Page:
We present a patient with progressive spastic ataxia, with dystonia and anarthria undiagnosed until detailed genetic analysis revealed an MPAN mutation. Highlighting the worldwide MPAN distribution, a 30year history of absent diagnosis and the impact and cost saving of an early but detailed genetic analysis in complex progressive movement disorders, particularly the anarthric NBIA group.
Lipopolysaccharide (endotoxin) from the outer Gram-negative bacterial wall can induce a harmful immunologic response, involving hemodynamic deprivation, and is one important motor driving the septic cascade. The positively charged poly-imine ethylene layer on the oXiris membrane is capable of adsorbing negatively charged endotoxin molecules and removing them from the blood compartment. Endotoxin is detrimental and should be removed from blood.
The adsorbable endotoxin fraction in blood arises from a tight balance between seeding from an infectious focus and removal by an overwhelmed immune system. The net sum of remaining endotoxin in blood is available for an adsorption process in the oXiris filter. Endotoxin data from 2 patients with severe Gram-negative septic shock and endotoxemia in this case series, speaks for a considerable share of the adsorption of the oXiris filter in the endotoxin net removal over time. Key Messages: Analysis of combined in vitro and in vivo data speaks for an effect of the oXiris filter in lowering endotoxin.
Erysipelothrix rhusiopathiae is a zoonotic pathogen that causes erysipeloid and is most frequently associated with exposure to domestic swine. Infection of native and prosthetic joints is a rarely reported manifestation.
We describe a case of E. rhusiopathiae prosthetic joint infection in a woman with a history of exposure to wild animals in the Canadian Arctic. Patient management involved a 1-stage surgical revision exchange with an antibiotic impregnated cement spacer and 6 weeks of intravenous penicillin G followed by 6?weeks of oral amoxicillin. Ten previously reported cases of E. rhusiopathiae joint infection are reviewed. Recent increases in mortality due to infection with this organism among host animal populations in the Canadian Arctic have generated concern regarding a potential increase in human infections. However, whole genome sequencing (WGS) of the organism was unable to identify a zoonotic origin for this case.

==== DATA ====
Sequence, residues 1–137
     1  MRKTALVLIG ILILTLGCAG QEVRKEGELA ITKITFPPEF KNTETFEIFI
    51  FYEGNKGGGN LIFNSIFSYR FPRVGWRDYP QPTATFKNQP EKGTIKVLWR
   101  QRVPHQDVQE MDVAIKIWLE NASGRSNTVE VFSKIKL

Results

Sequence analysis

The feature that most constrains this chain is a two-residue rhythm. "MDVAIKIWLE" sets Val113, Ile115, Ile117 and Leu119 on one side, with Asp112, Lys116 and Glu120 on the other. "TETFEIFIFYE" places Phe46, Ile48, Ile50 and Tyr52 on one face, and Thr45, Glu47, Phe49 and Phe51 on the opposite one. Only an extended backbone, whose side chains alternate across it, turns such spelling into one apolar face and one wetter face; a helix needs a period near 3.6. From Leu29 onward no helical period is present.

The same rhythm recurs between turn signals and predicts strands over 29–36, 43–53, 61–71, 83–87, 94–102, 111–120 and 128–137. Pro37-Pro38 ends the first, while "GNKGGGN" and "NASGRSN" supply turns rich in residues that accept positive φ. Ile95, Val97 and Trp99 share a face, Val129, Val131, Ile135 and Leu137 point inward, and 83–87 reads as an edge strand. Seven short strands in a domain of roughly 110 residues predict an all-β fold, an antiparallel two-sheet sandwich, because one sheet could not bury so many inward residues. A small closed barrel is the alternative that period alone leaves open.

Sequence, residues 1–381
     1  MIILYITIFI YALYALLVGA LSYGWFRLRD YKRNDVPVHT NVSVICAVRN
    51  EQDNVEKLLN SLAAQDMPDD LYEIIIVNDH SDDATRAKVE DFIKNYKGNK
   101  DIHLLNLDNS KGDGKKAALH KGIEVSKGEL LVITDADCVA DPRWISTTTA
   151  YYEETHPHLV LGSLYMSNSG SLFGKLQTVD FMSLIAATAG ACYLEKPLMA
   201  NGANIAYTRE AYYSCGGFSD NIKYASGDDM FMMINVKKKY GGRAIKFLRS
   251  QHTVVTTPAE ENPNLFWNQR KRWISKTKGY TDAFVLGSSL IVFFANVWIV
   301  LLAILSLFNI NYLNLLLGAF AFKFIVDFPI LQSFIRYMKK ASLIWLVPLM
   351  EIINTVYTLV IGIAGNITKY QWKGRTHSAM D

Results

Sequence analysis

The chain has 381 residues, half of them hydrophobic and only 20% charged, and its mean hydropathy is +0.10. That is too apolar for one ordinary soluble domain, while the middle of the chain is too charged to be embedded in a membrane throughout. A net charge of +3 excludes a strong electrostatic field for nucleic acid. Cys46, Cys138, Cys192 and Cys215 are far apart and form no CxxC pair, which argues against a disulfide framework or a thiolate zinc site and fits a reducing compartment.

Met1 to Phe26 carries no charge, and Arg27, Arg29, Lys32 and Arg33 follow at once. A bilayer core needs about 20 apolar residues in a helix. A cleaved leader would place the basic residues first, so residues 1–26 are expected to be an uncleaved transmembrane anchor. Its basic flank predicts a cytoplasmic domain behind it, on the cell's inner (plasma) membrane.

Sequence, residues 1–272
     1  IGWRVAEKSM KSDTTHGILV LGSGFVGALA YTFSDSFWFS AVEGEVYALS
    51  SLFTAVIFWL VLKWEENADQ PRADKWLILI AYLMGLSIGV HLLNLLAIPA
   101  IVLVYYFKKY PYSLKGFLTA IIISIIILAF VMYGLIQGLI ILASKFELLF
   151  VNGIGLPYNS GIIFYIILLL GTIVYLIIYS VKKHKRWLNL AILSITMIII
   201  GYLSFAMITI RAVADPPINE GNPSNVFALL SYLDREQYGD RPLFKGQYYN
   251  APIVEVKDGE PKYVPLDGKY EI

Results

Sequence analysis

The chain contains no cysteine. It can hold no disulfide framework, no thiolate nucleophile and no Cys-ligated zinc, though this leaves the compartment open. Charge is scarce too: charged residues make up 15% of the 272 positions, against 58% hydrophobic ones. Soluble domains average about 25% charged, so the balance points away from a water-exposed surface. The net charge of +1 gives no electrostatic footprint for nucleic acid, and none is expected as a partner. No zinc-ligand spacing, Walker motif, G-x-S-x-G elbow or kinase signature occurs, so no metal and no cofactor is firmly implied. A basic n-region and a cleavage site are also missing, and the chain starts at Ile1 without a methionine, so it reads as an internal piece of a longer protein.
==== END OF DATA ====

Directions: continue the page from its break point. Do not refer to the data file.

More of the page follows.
Consideration should be given to E. rhusiopathiae as a cause of joint infections if the appropriate epidemiologic and host risk factors exist. Expanded use of WGS in other potential animal hosts and environmental sources may provide important epidemiologic information in determining the source of human infections.
Cold-induced peripheral neuropathy has been described in individuals exposed to severe cold resulting in pain, hypersensitivity to cold, hyperhidrosis, numbness, and skin changes. Nerve conduction studies and thermal detection thresholds are abnormal in symptomatic patients, and intraepidermal nerve fiber density (IENFD) in skin biopsies is reduced.
A 41-year-old male was included as a healthy subject in a study of the spontaneous variability of quantitative sensory testing (QST), nerve conduction studies (NCS), and IENFD. Unexpectedly, IENFD was significantly reduced, whereas the rest of the examination was normal except for reduced vibration detection threshold. The results were confirmed at follow-up examination. The subject had been repeatedly exposed to severe cold resulting in short lasting numbness and paresthesia while living in the eastern part of Greenland and the northern part of Norway.